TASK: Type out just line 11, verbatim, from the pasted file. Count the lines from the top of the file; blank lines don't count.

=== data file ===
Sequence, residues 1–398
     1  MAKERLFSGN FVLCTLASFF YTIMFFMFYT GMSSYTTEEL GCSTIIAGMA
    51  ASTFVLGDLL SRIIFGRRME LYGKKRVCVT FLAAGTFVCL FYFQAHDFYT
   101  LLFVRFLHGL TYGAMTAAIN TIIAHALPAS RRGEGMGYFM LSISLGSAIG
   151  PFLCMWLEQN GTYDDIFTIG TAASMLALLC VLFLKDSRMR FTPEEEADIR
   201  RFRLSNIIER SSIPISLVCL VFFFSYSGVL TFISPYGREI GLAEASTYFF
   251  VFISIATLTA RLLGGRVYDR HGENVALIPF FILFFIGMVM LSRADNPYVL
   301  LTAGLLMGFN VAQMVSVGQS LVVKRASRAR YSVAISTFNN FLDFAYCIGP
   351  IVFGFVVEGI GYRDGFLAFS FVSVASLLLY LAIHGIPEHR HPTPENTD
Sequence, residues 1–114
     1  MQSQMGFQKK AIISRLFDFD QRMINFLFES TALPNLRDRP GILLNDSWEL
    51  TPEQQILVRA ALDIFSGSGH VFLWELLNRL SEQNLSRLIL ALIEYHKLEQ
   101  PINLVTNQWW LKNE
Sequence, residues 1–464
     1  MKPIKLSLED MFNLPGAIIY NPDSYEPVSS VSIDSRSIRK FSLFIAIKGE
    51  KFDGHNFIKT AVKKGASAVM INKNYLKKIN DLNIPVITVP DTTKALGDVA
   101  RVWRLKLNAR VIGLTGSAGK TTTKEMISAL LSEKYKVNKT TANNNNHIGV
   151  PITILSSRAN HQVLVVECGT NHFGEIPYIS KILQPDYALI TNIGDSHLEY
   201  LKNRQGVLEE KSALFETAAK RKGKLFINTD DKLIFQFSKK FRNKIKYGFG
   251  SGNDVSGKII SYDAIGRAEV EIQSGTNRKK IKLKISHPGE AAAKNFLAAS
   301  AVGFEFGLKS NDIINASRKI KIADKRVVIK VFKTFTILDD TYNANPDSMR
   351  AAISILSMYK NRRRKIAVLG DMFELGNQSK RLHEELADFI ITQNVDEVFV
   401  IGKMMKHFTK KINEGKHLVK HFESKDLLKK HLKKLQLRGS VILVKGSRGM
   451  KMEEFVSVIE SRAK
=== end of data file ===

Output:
     1  MQSQMGFQKK AIISRLFDFD QRMINFLFES TALPNLRDRP GILLNDSWEL